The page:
My name is Marlene Klingeman and in August of 1999 at age 37 I suddenly
suffered a hemorrhagic stroke that nearly ended my life. My story begins
8 years prior to that day when I began to complain to severe migraine
headaches. At that time I was attending university and taking a tough
science major, molecular biology and microbiology, so it was easy to
blame my headaches on stress or tension.
My headaches had all the classic symptoms of a migraine, the aura,
the light sensitivity, nausea, blackouts and the inability to get rid
of the headache with medications. Sleep was the only way to cope. The
headaches never went away - only the level of intensity fluctuated.
There were days I awoke with a full blown headache and nausea but still
had to keep going to make it to my next class or to drive my young daughter
to elementary school. My headaches interfered with every aspects of
my life. I was known as the grumpy person, easily irritated or quick
to lash out. At that time I had recently moved back home to live with
my parents as I was a struggling single mother going back to school.
I saw a doctor for the headaches but migraine medications were often
prescribed, which never worked. My dad on occasions offered to massage
my neck to give me some relief and it did temporarily. Studying had
become a so difficult, it would take me twice as long to capture a concept
because of the constant distrevent of the pain. I had my first MRI
but it showed no signs of abnormalities and no indication of a possible
cause for my headaches.
The headaches became worse. I began to have blackouts. I remember early
one morning I awoke to use the bathroom. I sat down to use the bathroom
but I knew nothing after that point. I had blacked out on the toilet,
fell into the bath tub and hit my head on the ceramic tiles. After regaining
my consciousness, the headache was so excruciating I had to stay in
bed most of the day. The headaches lasted for almost 8 years.
I graduated with my degree in December 2007 and was encouraged by my
fiancé to move with him to El Salvador where he worked for a
Dutch multinational company. I needed a break not so much from my intense
school schedule but from the headaches that I agreed to pack up my daughter
and move with him temporally. I finally remarried the following December
in a beautiful intimate setting in Orlando family with our friends and
family present. That summer, we visited the Caribbean island of St.Vincent,
my place of birth and island hopped many of the Grenadine Islands. During
our vacation, the headaches were more intense than normal but I was
determined to not complain and just focus on my vacation with my h=new
husband and daughter.
August 1999, we returned to El Salvador to begin new school year as
my daughter was set to begin sixth grade. By this time we were beginning
to get a better grasp of the Spanish language and acclimating to life
in El Salvador. I was fortunate enough to make some great friends. Once
the 1999-2000 school year was on session, I took advantage of my time
to learn Spanish with a tutor and get to know more of the country and
how I could assist. I got involved in charities such as CARE and UNICEF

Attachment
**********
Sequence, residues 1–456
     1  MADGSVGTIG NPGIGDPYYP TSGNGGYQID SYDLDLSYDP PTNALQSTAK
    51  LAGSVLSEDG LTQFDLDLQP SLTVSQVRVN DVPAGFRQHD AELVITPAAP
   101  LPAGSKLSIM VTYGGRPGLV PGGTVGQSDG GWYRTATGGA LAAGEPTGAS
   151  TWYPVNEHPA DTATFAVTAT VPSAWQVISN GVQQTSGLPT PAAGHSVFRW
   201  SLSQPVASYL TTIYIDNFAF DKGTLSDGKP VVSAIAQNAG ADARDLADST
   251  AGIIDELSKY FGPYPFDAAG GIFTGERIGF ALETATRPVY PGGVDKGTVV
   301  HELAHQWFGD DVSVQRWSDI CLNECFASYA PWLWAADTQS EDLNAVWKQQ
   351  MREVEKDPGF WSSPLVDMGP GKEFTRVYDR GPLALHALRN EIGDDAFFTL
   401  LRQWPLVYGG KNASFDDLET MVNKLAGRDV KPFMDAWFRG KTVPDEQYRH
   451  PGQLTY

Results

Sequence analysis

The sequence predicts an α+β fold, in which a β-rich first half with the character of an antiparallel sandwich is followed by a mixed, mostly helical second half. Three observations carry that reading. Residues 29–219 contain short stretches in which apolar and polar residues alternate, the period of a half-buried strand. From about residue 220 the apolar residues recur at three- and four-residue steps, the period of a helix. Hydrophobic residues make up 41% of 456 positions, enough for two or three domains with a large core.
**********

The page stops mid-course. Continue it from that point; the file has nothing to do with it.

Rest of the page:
to give of my time in helping others.
day late August 1999, my friends planned a picnic to a park that has
Mayan ruins. As we sat under the huge oak tree, we shared in special
moments of laughter as we ate our picnic lunch. That day I did not have
a headache. I thought to myself how strange I had no headache. I had
grown accustomed to them. That night I went to sleep without a headache.
But it was the calm before the storm that was about to descend on me.
At 3 am in the morning, I suddenly awoke from my sleep feeling as if
someone was shoving a knife in my head. There was an explosion in my
head, I felt the crawling sensation in my head as if blood flowing but
nothing was visible. I screamed out loud to my husband lying beside
me. I got out of bed to make it to the bathroom but began vomiting and
could barely make it due to the dizziness.
My husband rushed me to the hospital where a CT scan confirmed a hemorrhage
in the area of my left cerebellum. My brain was swollen and they needed
to relieve the pressure on the brain. I remained in intensive care in
the hospital in El Salvador for 8 days, in and out of consciousness
until the swelling of the brain had subsided enough to fly to Orlando,
Florida where my parents live. There was still no official diagnosis
of my condition as equipment was not available to perform an angiogram
on me. Once I arrived at Florida Hospital in Orlando, an angiogram confirmed
that I had an AMV that ruptured.
An AVM, arteriovenous malformation is an abnormal mass of blood vessels
that weakens with increased blood flow, which can eventually rupture.
They are very rare and occur in less than 1% of the general population.
I was part of that 1 %. The only option for me was brain surgery. Mine
was a birth defect I was unaware I had and the headaches were signs.
I am sharing my story to encourage those with severe, recurrent headaches
to find a neurologist who can give you a thorough exam to determine
the underlying cause. Because my AVM ruptured I was at a much higher
risk of dying or paralysis. It was a surgical emergency. There was a
titanium plate that was fitted over the area, which gave me much discomfort
over the years and had to have it eventually removed. Today I am a healthy
woman, full of life and enjoy helping others to live fulfilled lives.
Audrey Marlene Lewis